When Should You Go to the ER?

While some health conditions do not require emergency care, many do.

Emory Johns Creek Hospital (EJCH) wants the residents of our community to understand when it is best to seek care from the emergency department and when they can wait to see their primary care physicians.

“In many cases, patients are confused about what constitutes an emergency,” explains Arthur Griffiths, MD, FACEP, senior staff physician and community liaison in the Emergency Department at EJCH. “While many minor medical issues such as earaches and sore throats can generally be handled by a primary care physician’s office or walk-in clinic, a variety of conditions absolutely require emergency care.”

The American College of Emergency Physicians (ACEP) has identified 10 medical conditions that warrant a 911 call or a trip to the emergency room:

• Difficulty breathing or shortness of breath
• Chest or upper-abdominal pain or pressure
• Fainting, sudden dizziness, weakness or lack of mobility
• Changes in vision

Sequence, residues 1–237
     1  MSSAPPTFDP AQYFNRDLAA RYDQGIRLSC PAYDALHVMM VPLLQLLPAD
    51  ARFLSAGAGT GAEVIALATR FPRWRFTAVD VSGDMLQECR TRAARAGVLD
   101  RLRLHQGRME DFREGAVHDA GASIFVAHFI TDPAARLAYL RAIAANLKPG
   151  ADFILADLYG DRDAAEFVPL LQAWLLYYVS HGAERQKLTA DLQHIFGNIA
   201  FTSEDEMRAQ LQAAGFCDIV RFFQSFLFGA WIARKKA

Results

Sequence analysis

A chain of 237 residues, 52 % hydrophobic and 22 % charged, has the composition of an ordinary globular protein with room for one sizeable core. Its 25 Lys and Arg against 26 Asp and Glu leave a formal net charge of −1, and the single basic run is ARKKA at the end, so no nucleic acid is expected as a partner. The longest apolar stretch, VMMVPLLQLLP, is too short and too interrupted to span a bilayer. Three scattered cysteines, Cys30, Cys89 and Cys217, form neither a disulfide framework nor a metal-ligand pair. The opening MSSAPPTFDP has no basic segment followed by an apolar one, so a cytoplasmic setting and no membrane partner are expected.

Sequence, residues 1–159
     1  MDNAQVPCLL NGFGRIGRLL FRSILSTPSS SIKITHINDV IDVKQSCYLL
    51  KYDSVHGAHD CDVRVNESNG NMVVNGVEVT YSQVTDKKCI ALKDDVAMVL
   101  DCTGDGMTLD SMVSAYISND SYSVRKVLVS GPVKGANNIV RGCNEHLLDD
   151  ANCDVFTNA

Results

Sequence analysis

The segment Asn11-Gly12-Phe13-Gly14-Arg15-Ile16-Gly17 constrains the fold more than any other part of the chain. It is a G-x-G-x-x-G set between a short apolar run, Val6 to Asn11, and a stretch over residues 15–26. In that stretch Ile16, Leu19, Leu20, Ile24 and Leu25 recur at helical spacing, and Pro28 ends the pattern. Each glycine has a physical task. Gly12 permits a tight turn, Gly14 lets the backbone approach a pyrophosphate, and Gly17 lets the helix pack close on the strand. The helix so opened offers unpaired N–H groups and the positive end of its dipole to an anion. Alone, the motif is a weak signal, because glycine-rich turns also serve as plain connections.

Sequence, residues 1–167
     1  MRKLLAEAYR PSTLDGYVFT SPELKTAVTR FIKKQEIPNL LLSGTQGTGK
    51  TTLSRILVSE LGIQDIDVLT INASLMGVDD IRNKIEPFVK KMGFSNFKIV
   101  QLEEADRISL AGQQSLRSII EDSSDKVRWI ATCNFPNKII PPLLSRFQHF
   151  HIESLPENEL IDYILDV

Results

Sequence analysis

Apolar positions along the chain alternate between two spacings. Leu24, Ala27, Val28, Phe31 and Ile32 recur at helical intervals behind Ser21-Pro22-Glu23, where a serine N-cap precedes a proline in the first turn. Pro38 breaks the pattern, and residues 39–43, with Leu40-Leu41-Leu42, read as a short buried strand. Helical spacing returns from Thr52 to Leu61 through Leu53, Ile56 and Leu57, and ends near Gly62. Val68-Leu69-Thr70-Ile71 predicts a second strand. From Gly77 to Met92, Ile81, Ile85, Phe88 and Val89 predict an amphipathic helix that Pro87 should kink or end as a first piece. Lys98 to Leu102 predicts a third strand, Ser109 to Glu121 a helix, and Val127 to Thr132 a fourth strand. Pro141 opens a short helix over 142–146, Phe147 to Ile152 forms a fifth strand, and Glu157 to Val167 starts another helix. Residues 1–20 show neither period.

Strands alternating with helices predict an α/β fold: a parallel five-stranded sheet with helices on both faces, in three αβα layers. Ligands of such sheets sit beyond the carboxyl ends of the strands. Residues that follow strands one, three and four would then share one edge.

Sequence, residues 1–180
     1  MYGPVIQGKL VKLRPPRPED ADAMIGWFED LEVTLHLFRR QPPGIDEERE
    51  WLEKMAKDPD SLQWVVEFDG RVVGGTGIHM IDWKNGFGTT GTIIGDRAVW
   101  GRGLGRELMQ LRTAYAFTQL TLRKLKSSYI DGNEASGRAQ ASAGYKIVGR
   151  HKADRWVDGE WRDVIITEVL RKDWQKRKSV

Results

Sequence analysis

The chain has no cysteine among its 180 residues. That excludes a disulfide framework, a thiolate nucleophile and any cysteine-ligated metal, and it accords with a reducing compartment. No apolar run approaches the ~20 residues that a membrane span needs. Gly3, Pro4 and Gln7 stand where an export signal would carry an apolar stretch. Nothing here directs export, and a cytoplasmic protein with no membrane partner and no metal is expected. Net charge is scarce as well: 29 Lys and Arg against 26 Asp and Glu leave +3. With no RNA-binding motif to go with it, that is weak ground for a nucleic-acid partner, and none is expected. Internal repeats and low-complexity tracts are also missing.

• Confusion or changes in mental status
• Any sudden or severe pain
• Uncontrolled bleeding
• Severe or persistent vomiting or diarrhea
• Coughing or vomiting blood
• Suicidal or homicidal thoughts or feelings

“If you are unsure of what to do in a certain situation, either call your primary care physician’s office or the Emergency Department for guidance,” says Dr. Griffiths. “I encourage patients to trust their instincts if they feel unsure. While we hope you never have a reason to visit the Emergency Department at Emory Johns Creek Hospital, we want you to know that our team of experts is here 24 hours a day, seven days a week, ready to deliver high-quality emergency care to our patients.”

For more information about the EJCH Emergency Department, or for a downloadable version of ACEP’s list of 10 medical conditions that warrant a trip to the emergency room, click here!

Related Resources

Emory Johns Creek Hospital Emergency Department

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